New village

New villages (Chinese: 新村; pinyin: Xīncūn; Malay: Kampung baru), also known as Chinese new villages (Chinese: 华人新村; pinyin: Huárén Xīncūn), were internment camps created during the waning days of British rule in Malaysia. These camps were originally created as part of the Briggs Plan, first implemented in 1950 to isolate guerillas from their supporters within the rural civilian populations during the Malayan Emergency. Most were surrounded by barbed wire and watchtowers to stop people from escaping, with guards being ordered to kill anyone who attempted to leave outside of curfew hours.[1]

Gombak New Village
Loke Yew New Village in Kuala Lumpur

Since the British left Malaya, many former New Villages have grown into ordinary residential towns and villages.


The original purpose of the New Villages in Malaya was to separate the primarily ethnic Chinese villagers from contact with the Malayan National Liberation Army (MNLA), which as led by the Malayan Communist Party. It was part of the Briggs Plan, a military plan devised by Sir Harold Briggs shortly after his appointment in 1950 as the British military's Director of Operations in Malaya.[2]

The plan aimed to defeat the MNLA, which was operating out of rural regions of Malaya as a guerrilla force, by cutting them off from their sources of support, mainly amongst the rural population. To this end, a massive program of forced resettlement of rural workers was undertaken, under which about 500,000 people (roughly 10% of Malaya's population) were eventually transferred from their homes and housed in guarded camps termed "New Villages". These New Villages were usually surrounded by barbed wire and sentry posts. In some cases 22-hour curfews were placed upon the populations of New Villages, such was the case in the Tanjong Malim New Village.[3] Although most of the victims of the forced relocation and "New Villages" were ethnically Chinese, the aboriginal Orang Asli were also a target due to their homelands being in the regions frequented by the MNLA. Believing that the Orang Asli were supporting the MNLA, many of them were forcibly transferred to the New villages. However, the transfer scheme was halted when many of the Orang Asli started to die of diseases while in the new villages.[4]

By isolating this population in the "new villages", the British were able to stem the critical flow of material, information, and recruits from peasant sympathizers to the guerrillas. The new camps were guarded by soldiers, police, and were partially fortified to stop people from escaping. This served the twofold purpose of preventing those who were so inclined from sneaking out and voluntarily aiding the guerrillas, and of preventing the guerrillas from sneaking in and extracting aid via persuasion or brute force. Upon completion of the resettlement program, the British initiated a starvation campaign, rationing food supplies within the camps and torching rural farmlands to starve out the Communists guerrillas.[5]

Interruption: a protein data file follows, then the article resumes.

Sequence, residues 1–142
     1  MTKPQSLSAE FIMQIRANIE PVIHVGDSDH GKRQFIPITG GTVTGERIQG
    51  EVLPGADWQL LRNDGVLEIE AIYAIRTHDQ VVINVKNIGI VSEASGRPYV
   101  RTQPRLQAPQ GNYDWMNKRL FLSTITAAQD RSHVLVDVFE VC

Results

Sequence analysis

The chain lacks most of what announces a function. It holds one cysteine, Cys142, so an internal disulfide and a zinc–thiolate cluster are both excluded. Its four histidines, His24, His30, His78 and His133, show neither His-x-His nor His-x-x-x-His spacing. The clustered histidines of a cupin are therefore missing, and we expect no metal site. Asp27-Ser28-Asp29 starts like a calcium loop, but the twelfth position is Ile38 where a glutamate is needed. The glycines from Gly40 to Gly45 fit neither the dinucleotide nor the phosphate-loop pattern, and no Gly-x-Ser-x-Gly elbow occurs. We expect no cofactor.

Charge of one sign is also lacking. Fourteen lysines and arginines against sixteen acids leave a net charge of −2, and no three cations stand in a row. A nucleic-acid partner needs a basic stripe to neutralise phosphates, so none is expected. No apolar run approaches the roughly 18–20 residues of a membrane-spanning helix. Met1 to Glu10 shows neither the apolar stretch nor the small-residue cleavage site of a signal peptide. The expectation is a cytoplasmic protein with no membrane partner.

During the Malayan Emergency, 450 new settlements were created and it is estimated that 470,509 people, 400,000 of them Chinese, were involved in the resettlement program. The Malaysian Chinese Association, then the Malayan Chinese Association, was initially created to address the social and welfare concerns of the populations in the new villages.[6]

It is estimated that today, about 1.2 million people live in 450 new villages throughout Peninsular Malaysia. About 85% of the population in new villages are ethnically Chinese.

Historical evaluation

According to British historian John Newsinger, people transferred to live in the New Villages were "effectively deprived of all civil rights".[7] Although the majority of inhabitants were Chinese, thousands of Orang Asli were forcefully transferred to the "new villages". Historian John D. Leary in his study of the Orang Asli during the Emergency argued that the forced resettlement used to create the New Villages brought "misery, disease and death" to many Malaysians.[8]

Notable new villages

Distribution of New Villages in Malaysia

See also


  1. Peng, Chin; Ward, Ian; Miralor, Norma (2003). Alias Chin Peng: My Side of History. Singapore: Media Masters. p. 268. ISBN 981-04-8693-6.
  2. Hale, Christopher (2013). Massacre in Malaya: Exposing Britain's My Lai. Brimscombe Port: The History Press. p. 319. ISBN 978-0-7524-8701-4.
  3. "Malaya (Anti-Terrorist Measures)". Hansard. 2 April 1952. Retrieved 22 January 2020.
  4. Newsinger, John (2015). British Counterinsurgency. Basingstoke: Palgrave Macmillan. p. 58. ISBN 978-0-230-29824-8.
  5. Burleigh, Michael (2013). Small Wars Faraway Places: Global Insurrection and the Making of the Modern World 1945-1965. New York: Viking - Penguin Group. p. 178. ISBN 978-0-670-02545-9.
  6. Ooi Keat Gin (11 May 2009). Historical Dictionary of Malaysia. Scarecrow Press. pp. lvii, 185. ISBN 978-0-8108-6305-7. Retrieved 16 February 2013.
  7. Newsinger, John (2013). The Blood Never Dried: A People's History of the British Empire. London: Bookmarks Publications. p. 219. ISBN 978-1-909026-29-2.
  8. D. Leary, John (1995). Violence & The Dream People: The Orang Asli in the Malayan Emergency 1948-1960. Athens: Ohio University Center for International Studies. pp. 42–43. ISBN 978-0896801868.

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